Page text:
Branded – Movie Review
Director: Aleksandr Dulerayn, Jamie Bradshaw
Writers: Jamie Bradshaw, Aleksandr Dulerayn
Stars: Ed Stoppard, Leelee Sobieski, Jeffrey Tambor, Max von Sydow
I went into Branded expecting a thriller about the sociological impact of advertising, possibly about corporations using subliminal means to control the population–at least, that was the impression I got from the trailer I saw at the beginning of August (with Total Recall). I was eager to see it. Instead, I got . . . I’m still not quite sure what to call it. Some kind of lampoon of advertising: Joan of Arcadia meets Harvey??
There’s the makings of an interesting story here, concerning Misha (Ed Stoppard), a young man in Russia with a gift for marketing bordering on genius, and a highly experienced marketing guru (Max von Sydow) working from a private island. Complicating the world of global advertising (did you know Lenin invented marketing to sell communism?) is Misha’s boss Bob (Jeffrey Tambor) who is more than he seems, and Misha’s girlfriend Abby (Leelee Sobieski).
The setup involves fast food companies losing business and looking to marketing to beef things up. Radical steps are proposed and taken. Reality TV and an extreme makeover show get involved (wait–don’t we have one of those?). It’s rather an interesting companion piece to Supersize Me on some levels.
Then the entire movie takes a sharp left turn into weird and never recovers . . . .
The movie isn’t helped by voiceovers that tell what’s going on at key points–the old adage “Show, don’t tell” in story-telling is as true in movies as it is in writing. It seemed all the interesting bits got skipped somehow. It reminded me of a well-known New Yorker cartoon by Sidney Harris showing two mathematicians at a blackboard with formulas to the left and right with “Then a miracle occurs” written in the middle.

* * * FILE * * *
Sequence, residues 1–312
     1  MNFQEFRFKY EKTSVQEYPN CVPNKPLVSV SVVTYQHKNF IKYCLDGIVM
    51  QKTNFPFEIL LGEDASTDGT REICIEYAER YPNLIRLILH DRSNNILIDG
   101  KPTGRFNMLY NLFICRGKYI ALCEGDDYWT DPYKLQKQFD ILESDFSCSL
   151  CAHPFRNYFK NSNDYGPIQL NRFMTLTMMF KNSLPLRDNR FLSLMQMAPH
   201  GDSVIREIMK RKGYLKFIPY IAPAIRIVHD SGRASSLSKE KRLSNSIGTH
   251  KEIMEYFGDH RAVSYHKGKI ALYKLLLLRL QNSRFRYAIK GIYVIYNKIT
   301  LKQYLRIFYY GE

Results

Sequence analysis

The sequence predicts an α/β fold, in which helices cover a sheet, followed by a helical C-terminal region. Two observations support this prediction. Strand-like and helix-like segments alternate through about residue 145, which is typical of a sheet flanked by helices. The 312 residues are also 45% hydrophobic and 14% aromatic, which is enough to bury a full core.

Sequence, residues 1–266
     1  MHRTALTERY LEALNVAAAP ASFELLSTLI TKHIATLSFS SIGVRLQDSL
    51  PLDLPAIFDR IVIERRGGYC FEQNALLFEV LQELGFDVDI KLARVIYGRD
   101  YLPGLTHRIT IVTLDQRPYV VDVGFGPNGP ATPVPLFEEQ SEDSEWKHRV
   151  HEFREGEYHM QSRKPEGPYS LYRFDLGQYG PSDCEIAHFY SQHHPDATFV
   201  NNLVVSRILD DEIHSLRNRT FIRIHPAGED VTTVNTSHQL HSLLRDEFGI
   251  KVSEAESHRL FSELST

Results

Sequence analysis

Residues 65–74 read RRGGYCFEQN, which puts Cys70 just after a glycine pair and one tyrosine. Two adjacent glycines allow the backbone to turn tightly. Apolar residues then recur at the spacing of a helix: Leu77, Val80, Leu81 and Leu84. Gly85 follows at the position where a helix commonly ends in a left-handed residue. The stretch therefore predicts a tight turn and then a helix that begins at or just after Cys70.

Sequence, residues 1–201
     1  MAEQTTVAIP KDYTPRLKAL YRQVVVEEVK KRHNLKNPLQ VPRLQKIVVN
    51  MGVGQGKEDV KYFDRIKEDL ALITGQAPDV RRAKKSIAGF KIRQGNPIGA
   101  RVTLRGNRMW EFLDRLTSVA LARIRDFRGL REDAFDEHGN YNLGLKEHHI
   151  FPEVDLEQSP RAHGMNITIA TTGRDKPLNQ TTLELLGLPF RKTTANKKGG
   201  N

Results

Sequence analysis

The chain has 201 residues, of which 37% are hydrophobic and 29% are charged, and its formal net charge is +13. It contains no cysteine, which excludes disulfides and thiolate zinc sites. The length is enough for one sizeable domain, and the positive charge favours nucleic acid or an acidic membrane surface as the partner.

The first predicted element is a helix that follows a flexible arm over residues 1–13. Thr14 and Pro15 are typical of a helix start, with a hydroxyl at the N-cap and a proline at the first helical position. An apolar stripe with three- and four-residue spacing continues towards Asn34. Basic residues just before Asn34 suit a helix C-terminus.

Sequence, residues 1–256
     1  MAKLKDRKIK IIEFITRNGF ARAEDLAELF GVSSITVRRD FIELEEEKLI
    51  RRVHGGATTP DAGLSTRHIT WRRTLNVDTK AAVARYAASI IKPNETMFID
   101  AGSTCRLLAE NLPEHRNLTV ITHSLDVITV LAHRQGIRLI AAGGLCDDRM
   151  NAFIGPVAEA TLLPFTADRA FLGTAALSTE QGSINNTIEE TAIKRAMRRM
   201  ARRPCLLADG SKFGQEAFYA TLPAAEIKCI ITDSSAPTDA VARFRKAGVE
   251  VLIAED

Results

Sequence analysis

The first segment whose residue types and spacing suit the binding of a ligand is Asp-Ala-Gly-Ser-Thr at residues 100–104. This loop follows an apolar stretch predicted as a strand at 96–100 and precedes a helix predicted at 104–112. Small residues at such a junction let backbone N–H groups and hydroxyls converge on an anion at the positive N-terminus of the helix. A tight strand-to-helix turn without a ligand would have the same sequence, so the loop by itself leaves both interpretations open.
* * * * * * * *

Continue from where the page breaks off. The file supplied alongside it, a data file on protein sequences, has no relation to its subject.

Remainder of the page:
Ed Stoppard is suitably intense as Misha, giving the role a rich complexity. Leelee Sobieski smiles. A lot. Maybe she was confused about what she was getting into, and decided to make the best of it? Max von Sydow is wise and mysterious and all-knowing . . . .
I do like the overall “style” of the film: the costumes, makeup and effects give it a very definite look. But the CGI is pedestrian at best.
The entire movie is set in Russia, primarily in Moscow (except for the Max von Sydow in paradise bits), and there are lots of nice establishing shots. If nothing else, at least it brought back fond memories of trips to Moscow–but that’s about all it’s good for. Skip this one. You’ll be glad you did.
By Elektra Hammond
Branded Movie Review
I went into Branded expecting a thriller about the sociological impact of advertising, possibly about corporations using subliminal means to control the population–at least, that was the impression I got from the trailer ...